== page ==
Our short interviews with authors are a way for us to help get the word out about great literary works dedicated to the state of Nevada in some sense, and also to try to shine more light on the authors who are writing them. This week we turn to Claire Vaye Watkins, a fascinating and talented writer of Nevada. Her bio says it better than I can: Claire Vaye Watkins is a Nevadan and a Presidential Fellow at the Ohio State University. Her fiction and nonfiction have appeared in Granta, Ploughshares, One Story, The Paris Review and elsewhere. Her collection of short stories, Battleborn, is forthcoming from Riverhead Books. Take a moment to read her interview below and keep your eyes out for this powerful author in the future. If you look closely, you’ll see that as a bonus, there is an eleventh question in this edition of Ten Questions With…
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Where do you come from in Nevada? What’s your background?
I was born in Bishop, California. My parents lived in Tecopa, California, which is a tiny place of about 80 people on the southern edge of Death Valley. My father died of cancer when I was six, and soon after my mom remarried and moved our family to Pahrump. I went to school there, mostly. When I graduated I spent about a year in Los Angeles, working retail and drifting, then I went to UNR. After UNR I left the West for the first time to attend the MFA program at Ohio State University in Columbus.
In other interviews, you have described it as coming from a fairly libertarian place. What do you mean by that? How do you think that has impacted you as a writer? How has being from Nevada in general impacted you as a writer?
I just meant that politically Pahrump leans toward Libertarianism. People there are generally mistrustful of the government, and are especially inclined to adopt conspiracy theories. You have Art Bell, the Test Site, Area 51, chemtrails, and so on. Growing up hearing conspiracy theories sort of trained me, I think, to think of the world has having stories beneath the stories. They made me curious and skeptical. I’m still inclined to believe in conspiracies. Another way growing up in Pahrump has influenced my work is that I heard a lot of disturbing rumors when I lived there, many of which stayed with me and made their way into my stories. Like most kids who grow up poor or working class, I was exposed certain dark elements of human nature that come along with poverty—abuse, addiction, violence, neglect. I encountered those most often through gossip, which are the best kind of stories. For much of my life my mother and stepfather were in recovery, so I also grew up in the tradition of Alcoholics Anonymous, a league of terrific bullshitters who never shy away from grit in their stories.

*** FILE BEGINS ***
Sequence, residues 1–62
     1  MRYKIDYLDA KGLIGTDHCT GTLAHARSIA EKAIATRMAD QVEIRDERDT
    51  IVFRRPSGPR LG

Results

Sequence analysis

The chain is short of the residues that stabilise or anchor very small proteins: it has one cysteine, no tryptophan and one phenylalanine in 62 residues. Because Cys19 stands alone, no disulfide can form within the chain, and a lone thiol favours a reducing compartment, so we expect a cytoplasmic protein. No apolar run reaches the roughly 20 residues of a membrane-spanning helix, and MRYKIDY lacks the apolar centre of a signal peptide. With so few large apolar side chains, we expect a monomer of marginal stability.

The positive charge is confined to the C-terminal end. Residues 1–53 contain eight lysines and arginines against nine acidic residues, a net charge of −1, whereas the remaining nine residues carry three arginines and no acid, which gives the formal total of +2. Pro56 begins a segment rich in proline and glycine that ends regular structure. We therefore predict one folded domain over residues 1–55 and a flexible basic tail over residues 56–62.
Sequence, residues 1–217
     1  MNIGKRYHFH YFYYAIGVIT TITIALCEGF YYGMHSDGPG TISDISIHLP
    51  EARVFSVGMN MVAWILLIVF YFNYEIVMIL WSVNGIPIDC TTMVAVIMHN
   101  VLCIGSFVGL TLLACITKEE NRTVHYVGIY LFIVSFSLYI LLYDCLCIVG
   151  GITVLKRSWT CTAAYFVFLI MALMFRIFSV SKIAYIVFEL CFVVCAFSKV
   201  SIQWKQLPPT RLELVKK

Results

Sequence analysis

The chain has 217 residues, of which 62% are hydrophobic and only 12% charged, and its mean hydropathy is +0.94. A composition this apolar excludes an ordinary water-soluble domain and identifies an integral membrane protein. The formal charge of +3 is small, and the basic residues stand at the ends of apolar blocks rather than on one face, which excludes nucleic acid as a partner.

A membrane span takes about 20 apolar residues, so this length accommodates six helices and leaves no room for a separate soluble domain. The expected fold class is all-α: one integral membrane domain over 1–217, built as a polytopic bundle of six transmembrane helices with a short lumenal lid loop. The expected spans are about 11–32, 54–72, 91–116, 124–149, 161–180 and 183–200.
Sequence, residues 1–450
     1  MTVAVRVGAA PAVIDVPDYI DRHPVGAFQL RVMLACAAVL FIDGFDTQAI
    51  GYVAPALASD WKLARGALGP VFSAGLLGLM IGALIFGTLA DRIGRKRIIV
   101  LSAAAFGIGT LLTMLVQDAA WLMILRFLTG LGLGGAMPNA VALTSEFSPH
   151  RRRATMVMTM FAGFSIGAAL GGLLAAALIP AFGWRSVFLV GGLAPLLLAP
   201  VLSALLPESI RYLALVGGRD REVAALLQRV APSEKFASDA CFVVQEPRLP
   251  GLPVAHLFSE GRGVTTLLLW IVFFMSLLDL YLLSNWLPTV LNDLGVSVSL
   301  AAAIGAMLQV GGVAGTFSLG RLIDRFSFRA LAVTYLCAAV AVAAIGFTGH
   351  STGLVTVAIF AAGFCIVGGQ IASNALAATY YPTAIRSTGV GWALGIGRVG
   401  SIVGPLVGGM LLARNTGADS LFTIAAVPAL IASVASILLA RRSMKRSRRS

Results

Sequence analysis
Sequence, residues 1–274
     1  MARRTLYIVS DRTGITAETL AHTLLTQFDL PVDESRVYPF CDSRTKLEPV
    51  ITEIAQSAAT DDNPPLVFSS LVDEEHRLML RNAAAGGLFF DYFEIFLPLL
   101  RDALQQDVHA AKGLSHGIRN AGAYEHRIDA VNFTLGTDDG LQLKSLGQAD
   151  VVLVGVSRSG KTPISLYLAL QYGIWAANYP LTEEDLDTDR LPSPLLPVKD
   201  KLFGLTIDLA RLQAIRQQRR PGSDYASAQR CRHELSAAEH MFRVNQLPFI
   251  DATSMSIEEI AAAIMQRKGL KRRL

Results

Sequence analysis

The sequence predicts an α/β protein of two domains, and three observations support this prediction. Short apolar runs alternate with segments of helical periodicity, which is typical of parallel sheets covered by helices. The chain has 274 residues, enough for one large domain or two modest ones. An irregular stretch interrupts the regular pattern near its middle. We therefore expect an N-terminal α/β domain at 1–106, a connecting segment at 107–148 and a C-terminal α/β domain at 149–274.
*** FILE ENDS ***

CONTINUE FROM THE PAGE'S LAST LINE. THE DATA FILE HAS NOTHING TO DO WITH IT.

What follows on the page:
Tell us about your forthcoming short story collection.
The stories in the book, Battleborn, all take place more or less in Nevada and they’re all about Nevadans ain some way or another. Whenever I began a new story I almost always started with the setting. I’d choose a place in the state I hadn’t written about yet—Virginia City, the Blackrock, Tahoe—and then I’d spend a lot of time thinking about the people who live there, what they saw when they woke up, what might be on their minds, what kind of trouble they might get themselves into.
How do you portray Nevada in it?
You know, a reader could probably answer that question better than I can. But I will say that my ambition was to portray the place without nostalgia or grotesquery. I didn’t want to write the literary equivalent of sweeping shots of Monument Valley and I didn’t want to lean on simple tropes of the Wild West: the rugged landscape, the harsh wilderness, blah blah blah. In the end I suspect my affection for the place won out if only because I was terribly homesick while writing the book.
What does it mean that you have combined the states motto into a single word for the title, Battleborn?
I make up my own compound words quite a bit. I think it gives the two words a slightly different meaning. One example, from a story called “The Archivist,” is riverwet, which is the particular kind of wet you get from being in a river, in this case the Truckee. The title became one word when one of my best friends, a brilliant poet, asked me what I was calling my thesis and I told her and she said, “Yeah, I like that,” and wrote it out as one word. I said, “No, it’s two words.” She said, “Really? Because I hear it as one.” I thought about that for a while and decided that “battleborn” is a more permanent, more intrinsic characteristic than “battle born,” which simply describes the conditions of one’s birth. I think bringing the two words together highlights the tension between destruction and creation, which is one of the organizing metaphors of the book. Plus it looks cool.